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I've got a problem with generic classes in java.

I've got this class:

public abstract class MyMotherClass<C extends AbstractItem> 
{
    private C	item;

    public void setItem(C item)
    {
	    this.item = item;
    }

    public C getItem()
    {
        return item;
    }
}

An implementation of this class can be:

public class MyChildClass extends MyMotherClass<ConcreteItem>
{

}

ConcreteItem is just a simple class that extends AbstractItem (which is abstract).

so MyChildClass have a ConcreteItem and I can use:

MyChildClass child = new MyChildClass();
child.setItem(new ConcreteItem());

// automatic cast due to generic class
ConcreteItem item = child.getItem();

Ok, all is fine for the moment. Here is the problem:

Now I want to extract from a collection an instance of MyMotherClass and set its item (which type is not known):

Map<String, MyMotherClass> myCollection = new HashMap<String, MyMotherClass>();
Map<String, AbstractItem> myItems = new HashMap<String, AbstractItem>();

// fill the 2 collections
...


MyMotherClass child = myCollection.get("key");
child.setItem(myItems.get("key2"));

If I do like this, it runs. BUT I have warning because MyMotherClass is a generic type and I don't use the generic type. But I don't know which is the type of my extracted child, so I want to use a wildcard:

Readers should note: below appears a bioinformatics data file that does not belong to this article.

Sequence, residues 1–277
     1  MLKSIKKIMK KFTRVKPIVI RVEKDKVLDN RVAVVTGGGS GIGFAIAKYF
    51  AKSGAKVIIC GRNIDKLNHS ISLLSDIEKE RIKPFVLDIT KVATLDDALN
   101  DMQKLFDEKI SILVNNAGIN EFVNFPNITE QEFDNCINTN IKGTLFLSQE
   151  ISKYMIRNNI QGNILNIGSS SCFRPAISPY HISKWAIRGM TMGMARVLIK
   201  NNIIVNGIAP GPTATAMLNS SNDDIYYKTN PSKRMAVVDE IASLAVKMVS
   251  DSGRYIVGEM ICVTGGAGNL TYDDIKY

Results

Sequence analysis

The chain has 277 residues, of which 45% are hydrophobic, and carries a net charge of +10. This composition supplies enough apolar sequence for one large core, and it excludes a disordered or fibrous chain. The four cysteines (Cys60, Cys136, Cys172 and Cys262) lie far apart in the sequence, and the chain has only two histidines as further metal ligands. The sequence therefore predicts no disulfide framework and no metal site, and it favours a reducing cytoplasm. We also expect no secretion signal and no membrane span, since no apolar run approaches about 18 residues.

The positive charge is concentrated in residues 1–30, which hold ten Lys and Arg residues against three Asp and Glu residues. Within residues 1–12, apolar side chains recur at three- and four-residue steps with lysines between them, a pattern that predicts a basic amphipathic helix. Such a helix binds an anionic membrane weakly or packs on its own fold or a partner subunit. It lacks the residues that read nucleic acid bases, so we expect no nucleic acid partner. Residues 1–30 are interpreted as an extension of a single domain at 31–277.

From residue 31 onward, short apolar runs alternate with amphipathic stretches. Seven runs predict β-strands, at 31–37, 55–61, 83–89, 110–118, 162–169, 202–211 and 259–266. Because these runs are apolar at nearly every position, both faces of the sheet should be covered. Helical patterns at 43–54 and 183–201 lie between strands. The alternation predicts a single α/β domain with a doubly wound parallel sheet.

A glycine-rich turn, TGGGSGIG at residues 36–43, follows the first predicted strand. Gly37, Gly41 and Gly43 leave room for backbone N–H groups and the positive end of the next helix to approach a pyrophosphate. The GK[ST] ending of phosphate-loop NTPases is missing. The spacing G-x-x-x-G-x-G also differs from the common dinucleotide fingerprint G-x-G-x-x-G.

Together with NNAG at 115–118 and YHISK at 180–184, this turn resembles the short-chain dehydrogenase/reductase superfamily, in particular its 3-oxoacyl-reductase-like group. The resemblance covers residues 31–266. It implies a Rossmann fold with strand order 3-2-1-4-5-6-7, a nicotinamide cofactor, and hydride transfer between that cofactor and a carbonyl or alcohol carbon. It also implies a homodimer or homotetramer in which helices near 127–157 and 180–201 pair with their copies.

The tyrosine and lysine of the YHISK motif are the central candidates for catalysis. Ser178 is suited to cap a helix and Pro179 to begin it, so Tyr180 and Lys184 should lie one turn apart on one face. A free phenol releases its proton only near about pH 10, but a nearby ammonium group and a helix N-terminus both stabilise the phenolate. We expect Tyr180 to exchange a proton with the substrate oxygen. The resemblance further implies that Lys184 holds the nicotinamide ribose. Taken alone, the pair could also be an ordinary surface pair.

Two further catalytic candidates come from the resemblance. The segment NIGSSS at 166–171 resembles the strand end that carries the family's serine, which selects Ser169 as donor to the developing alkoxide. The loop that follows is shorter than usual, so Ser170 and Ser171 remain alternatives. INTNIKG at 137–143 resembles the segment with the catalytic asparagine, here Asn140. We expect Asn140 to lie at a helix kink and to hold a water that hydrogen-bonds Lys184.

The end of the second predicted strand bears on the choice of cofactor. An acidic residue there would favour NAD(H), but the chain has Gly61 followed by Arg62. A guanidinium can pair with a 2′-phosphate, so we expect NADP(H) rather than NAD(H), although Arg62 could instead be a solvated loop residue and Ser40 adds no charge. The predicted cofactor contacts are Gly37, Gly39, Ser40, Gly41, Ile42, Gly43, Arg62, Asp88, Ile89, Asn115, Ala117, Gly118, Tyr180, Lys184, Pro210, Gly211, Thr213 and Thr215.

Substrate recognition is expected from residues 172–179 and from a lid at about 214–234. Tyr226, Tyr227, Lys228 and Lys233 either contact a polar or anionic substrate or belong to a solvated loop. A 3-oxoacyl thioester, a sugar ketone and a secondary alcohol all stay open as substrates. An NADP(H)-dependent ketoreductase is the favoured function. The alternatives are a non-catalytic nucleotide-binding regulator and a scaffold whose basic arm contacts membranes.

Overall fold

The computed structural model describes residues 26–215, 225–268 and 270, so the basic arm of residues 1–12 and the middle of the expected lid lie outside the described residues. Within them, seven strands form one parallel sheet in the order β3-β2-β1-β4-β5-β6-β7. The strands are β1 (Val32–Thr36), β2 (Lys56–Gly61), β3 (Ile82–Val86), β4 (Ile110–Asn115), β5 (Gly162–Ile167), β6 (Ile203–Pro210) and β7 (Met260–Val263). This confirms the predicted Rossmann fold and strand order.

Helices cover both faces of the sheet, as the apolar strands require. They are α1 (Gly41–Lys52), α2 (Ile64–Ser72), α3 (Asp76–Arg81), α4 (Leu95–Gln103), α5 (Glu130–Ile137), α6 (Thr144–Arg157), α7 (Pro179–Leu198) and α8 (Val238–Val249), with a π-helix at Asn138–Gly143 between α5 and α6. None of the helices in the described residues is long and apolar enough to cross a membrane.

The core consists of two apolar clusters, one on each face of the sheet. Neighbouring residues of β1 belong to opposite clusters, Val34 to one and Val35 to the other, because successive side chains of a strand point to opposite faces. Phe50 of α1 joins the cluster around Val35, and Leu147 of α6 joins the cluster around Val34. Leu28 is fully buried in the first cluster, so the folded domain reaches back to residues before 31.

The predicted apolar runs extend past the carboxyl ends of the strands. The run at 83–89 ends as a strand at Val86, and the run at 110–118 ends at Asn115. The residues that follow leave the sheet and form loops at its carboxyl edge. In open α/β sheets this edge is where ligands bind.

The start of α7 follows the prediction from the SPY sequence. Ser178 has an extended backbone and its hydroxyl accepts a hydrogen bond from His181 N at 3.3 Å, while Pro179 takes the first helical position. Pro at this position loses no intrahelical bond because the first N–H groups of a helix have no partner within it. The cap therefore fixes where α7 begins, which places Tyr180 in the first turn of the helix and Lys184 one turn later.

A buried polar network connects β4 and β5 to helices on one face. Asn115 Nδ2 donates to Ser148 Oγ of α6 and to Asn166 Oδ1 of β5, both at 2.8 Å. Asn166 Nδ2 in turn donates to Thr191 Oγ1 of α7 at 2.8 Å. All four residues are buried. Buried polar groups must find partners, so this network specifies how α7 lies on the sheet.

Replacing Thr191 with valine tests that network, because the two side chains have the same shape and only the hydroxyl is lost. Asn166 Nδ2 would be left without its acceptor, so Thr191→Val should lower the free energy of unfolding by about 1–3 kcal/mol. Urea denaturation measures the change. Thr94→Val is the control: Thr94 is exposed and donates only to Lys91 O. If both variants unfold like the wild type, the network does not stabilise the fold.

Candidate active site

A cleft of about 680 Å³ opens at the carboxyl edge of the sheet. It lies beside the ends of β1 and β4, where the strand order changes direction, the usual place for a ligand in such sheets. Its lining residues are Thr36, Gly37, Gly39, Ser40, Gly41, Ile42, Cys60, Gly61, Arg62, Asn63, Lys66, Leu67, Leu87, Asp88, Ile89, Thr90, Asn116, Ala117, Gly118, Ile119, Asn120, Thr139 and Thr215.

Map<String, MyMotherClass<?>> myCollection = new HashMap<String, MyMotherClass<?>>();
Map<String, AbstractItem> myItems = new HashMap<String, AbstractItem>();

// fill the 2 collections
...


MyMotherClass<?> child = myCollection.get("key");
child.setItem(myItems.get("key2"));

And here is the problem: I've got a compilation error which says: The method setItem(capture#1-of ?) in the type MyMotherClass is not applicable for the arguments (AbstractItem)

and when I try with an inherited wildcard, same problem:

Map<String, MyMotherClass<? extends AbstractItem>> myCollection = new HashMap<String, MyMotherClass<? extends AbstractItem>>();
Map<String, AbstractItem> myItems = new HashMap<String, AbstractItem>();

// fill the 2 collections
...


MyMotherClass<? extends AbstractItem> child = myCollection.get("key");
child.setItem(myItems.get("key2"));

what can I do ?

thanks and sorry for my english which is not very fluent ;)

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5 Answers

up vote 1 down vote accepted

I might be missing something, but why not do the following in your MyMotherClass class, using the explicit class AbstractItem rather than the generic class C?

public abstract class MyMotherClass<C extends AbstractItem> {

    private AbstractItem item;

    public void setItem(AbstractItem item) {
    	this.item = item;
    }

    public AbstractItem getItem() {
    	return this.item;
    }

}

This change alone would allow you to use your wildcard approach:

Map<String, MyMotherClass<?>> myCollection = new HashMap<String, MyMotherClass<?>>();
Map<String, AbstractItem> myItems = new HashMap<String, AbstractItem>();

// fill the 2 collections

MyMotherClass<?> child = myCollection.get("key");
child.setItem(myItems.get("key2"));

with no errors.

Of course, in MyChildClass, you can then override MyMotherClass#getItem() as follows:

@Override
public ConcreteItem getItem() {
    return (ConcreteItem) super.getItem();